Early studies on BBS suggested the classical mode of autosomal recessive inheritance, and this model was confirmed in the initial gene discovery studies [Kwitek-Black et al., 1993; Leppert et al., 1994; Young et al., 1999]. Further research added complexity to the genetics of BBS. There are occasional observations on biallelic BBS gene mutation carriers, who remain healthy by the time of the investigation; this suggests incomplete penetrance at least for some genes and/or types of mutations [Katsanis et al., 2001; Beales et al., 2003; Estrada-Cuzcano et al., 2012]. At the same time, those patients who are affected by the disease and carry a homozygous mutation in one of the BBS genes often carry an additional heterozygous mutation in another BBS gene. These sensational observations were defined as a ‘triallelic inheritance' and became a subject of intensive studies [Katsanis et al., 2001]. Some data sets confirm increased coincidence of homozygous and heterozygous BBS gene mutations in BBS patients, while others deny this relationship [Katsanis et al., 2002; Badano et al., 2003a; Beales et al., 2003; Fauser et al., 2003; Mykytyn et al., 2003; Hichri et al., 2005; Laurier et al., 2006; Smaoui et al., 2006; Hjortshøj et al., 2010; Abu-Safieh et al., 2012; Daniels et al., 2012; Redin et al., 2012]. Furthermore, the mechanistic basis for the pathogenic impact of heterozygous mutations remains largely elusive. The existing statistics may be compromised by the fact that the majority of available studies put both protein-truncating and presumably pathogenic missense mutations in one basket, leaving the possibility that some of the accounted variants are actually benign. It is beyond any doubt, that at least a part of the observed phenotypic variability is not at all related to conventional genetic factors; for example, Beales et al. [1999] described monozygotic twins; one boy presented with polydactyly in 3 limbs, while his brother did not have additional fingers at all.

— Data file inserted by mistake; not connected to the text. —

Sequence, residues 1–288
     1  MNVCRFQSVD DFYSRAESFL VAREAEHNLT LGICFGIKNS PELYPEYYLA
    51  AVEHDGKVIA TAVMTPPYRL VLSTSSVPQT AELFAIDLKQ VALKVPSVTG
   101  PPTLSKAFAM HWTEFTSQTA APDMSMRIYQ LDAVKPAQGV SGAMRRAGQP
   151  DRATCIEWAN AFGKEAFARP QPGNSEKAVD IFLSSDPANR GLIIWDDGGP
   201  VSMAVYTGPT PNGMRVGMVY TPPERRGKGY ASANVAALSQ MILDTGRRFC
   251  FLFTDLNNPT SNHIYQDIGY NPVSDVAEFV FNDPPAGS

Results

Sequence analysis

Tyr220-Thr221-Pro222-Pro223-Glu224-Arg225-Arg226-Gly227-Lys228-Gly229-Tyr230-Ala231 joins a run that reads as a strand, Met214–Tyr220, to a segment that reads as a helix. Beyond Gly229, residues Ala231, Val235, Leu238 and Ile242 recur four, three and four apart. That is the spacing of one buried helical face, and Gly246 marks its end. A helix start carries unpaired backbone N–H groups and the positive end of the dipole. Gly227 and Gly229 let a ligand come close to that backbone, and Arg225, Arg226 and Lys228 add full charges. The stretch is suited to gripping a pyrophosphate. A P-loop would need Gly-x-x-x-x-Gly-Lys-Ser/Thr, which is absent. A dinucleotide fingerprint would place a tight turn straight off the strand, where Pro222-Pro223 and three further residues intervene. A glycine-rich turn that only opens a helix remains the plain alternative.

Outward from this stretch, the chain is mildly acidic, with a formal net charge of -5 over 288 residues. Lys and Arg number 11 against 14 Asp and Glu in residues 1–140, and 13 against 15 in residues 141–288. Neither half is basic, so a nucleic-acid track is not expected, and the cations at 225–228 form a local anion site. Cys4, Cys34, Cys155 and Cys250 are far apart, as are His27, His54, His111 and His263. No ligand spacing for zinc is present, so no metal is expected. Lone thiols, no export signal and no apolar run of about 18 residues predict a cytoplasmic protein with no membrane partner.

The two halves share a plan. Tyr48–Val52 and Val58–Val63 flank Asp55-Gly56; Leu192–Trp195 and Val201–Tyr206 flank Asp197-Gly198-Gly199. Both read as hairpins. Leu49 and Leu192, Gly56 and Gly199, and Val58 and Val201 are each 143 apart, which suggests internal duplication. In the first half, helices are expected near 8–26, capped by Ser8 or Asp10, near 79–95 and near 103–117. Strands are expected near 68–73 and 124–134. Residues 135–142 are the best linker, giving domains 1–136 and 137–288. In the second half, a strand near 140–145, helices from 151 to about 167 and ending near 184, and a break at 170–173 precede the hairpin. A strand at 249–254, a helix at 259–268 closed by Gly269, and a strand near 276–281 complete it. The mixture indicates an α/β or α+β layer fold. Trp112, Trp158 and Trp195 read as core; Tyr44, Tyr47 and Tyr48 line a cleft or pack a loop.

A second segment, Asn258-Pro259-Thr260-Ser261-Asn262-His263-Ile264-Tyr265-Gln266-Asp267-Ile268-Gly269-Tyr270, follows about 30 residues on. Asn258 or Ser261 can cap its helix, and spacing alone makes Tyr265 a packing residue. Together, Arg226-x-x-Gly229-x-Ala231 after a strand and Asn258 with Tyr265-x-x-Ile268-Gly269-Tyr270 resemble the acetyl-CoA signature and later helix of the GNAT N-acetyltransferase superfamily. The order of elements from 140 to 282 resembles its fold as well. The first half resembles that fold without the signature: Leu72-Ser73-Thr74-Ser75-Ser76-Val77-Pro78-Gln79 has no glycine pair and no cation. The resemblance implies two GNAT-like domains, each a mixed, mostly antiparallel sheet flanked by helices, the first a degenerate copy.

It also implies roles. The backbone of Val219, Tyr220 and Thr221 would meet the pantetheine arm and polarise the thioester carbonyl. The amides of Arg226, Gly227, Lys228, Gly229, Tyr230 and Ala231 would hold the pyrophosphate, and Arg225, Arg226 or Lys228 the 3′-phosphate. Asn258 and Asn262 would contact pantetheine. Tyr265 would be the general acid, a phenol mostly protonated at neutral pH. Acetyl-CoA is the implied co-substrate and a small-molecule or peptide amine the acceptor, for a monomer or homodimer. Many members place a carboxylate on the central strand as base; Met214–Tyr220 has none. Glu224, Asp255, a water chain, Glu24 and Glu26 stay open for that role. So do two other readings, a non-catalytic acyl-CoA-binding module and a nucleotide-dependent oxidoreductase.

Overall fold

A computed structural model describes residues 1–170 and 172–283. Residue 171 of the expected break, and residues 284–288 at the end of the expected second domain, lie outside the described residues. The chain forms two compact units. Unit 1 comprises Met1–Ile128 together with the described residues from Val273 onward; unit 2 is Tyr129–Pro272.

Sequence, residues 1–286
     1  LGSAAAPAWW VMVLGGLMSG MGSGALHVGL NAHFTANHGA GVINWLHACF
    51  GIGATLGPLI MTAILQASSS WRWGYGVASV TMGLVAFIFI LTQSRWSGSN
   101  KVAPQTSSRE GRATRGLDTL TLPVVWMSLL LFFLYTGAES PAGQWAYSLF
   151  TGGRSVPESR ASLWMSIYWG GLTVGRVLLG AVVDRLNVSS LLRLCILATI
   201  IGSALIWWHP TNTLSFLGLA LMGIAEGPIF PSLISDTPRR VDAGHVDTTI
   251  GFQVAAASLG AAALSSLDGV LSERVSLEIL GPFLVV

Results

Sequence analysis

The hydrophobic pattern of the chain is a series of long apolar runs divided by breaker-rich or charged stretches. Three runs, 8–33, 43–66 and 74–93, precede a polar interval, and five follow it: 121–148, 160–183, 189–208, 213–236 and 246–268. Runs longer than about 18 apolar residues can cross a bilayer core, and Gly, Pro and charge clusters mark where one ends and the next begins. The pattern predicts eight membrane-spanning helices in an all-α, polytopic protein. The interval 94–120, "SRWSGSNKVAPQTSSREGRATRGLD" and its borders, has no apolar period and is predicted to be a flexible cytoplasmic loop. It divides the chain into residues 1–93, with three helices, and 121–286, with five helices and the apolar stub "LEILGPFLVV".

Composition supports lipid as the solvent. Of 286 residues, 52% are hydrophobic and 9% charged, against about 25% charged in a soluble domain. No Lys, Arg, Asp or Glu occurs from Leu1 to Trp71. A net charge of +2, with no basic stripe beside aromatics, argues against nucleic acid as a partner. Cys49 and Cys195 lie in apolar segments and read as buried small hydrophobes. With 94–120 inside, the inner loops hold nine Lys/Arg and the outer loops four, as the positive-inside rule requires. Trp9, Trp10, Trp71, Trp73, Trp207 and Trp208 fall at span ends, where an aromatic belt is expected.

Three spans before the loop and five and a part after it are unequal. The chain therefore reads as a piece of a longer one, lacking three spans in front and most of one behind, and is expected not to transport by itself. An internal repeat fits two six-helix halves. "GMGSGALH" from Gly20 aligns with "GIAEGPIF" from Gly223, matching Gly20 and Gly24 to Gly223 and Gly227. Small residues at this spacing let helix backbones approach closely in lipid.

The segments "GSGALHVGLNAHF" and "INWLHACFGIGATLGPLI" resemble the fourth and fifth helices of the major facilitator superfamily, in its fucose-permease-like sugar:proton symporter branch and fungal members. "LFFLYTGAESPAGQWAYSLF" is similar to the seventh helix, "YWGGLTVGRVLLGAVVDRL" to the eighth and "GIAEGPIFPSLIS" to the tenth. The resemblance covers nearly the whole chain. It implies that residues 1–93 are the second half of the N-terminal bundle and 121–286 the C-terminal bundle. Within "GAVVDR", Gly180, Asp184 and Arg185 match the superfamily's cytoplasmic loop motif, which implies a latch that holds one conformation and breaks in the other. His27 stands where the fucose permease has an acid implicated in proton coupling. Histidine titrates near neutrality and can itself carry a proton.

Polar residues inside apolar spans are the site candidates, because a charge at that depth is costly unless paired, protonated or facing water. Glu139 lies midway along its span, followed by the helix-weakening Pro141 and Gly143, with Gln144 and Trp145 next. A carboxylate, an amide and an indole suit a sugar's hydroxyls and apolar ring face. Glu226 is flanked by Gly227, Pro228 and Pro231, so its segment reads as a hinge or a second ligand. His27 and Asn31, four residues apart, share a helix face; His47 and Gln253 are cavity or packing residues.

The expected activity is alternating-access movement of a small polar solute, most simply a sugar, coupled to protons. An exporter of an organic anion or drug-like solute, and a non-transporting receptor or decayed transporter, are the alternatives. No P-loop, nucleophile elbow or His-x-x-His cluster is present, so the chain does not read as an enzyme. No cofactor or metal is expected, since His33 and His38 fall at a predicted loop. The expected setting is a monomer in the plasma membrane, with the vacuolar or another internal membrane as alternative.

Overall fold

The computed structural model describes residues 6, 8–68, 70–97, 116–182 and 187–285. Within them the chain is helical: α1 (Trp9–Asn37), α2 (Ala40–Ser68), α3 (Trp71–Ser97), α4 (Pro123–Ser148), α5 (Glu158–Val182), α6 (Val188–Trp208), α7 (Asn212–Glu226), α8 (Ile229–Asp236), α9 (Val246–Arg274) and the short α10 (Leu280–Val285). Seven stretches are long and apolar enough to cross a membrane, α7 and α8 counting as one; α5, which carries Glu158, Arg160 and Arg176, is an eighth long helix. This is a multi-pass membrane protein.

There is experimental evidence that some of the BBS mutations may render dominant-negative effect, e.g. by affecting the function of the remaining (wild-type) gene allele [Zaghloul et al., 2010]. The dominant-negative model may explain the increased incidence of heterozygous BBS gene mutation carriers in patients with BBS syndrome as well as the role of single-copy gene alterations in triallelic inheritance [Fauser et al., 2003; Hichri et al., 2005; Hjortshøj et al., 2010]. Some reports indicate an increased incidence of isolated BBS-related symptoms in parents of BBS patients and/or heterozygous carriers of the BBS gene mutations, while other studies disagree with this statement [Croft et al., 1995; Beales et al., 1999; Cox et al., 2003; Hjortshøj et al., 2007; Kim et al., 2007; Webb et al., 2009].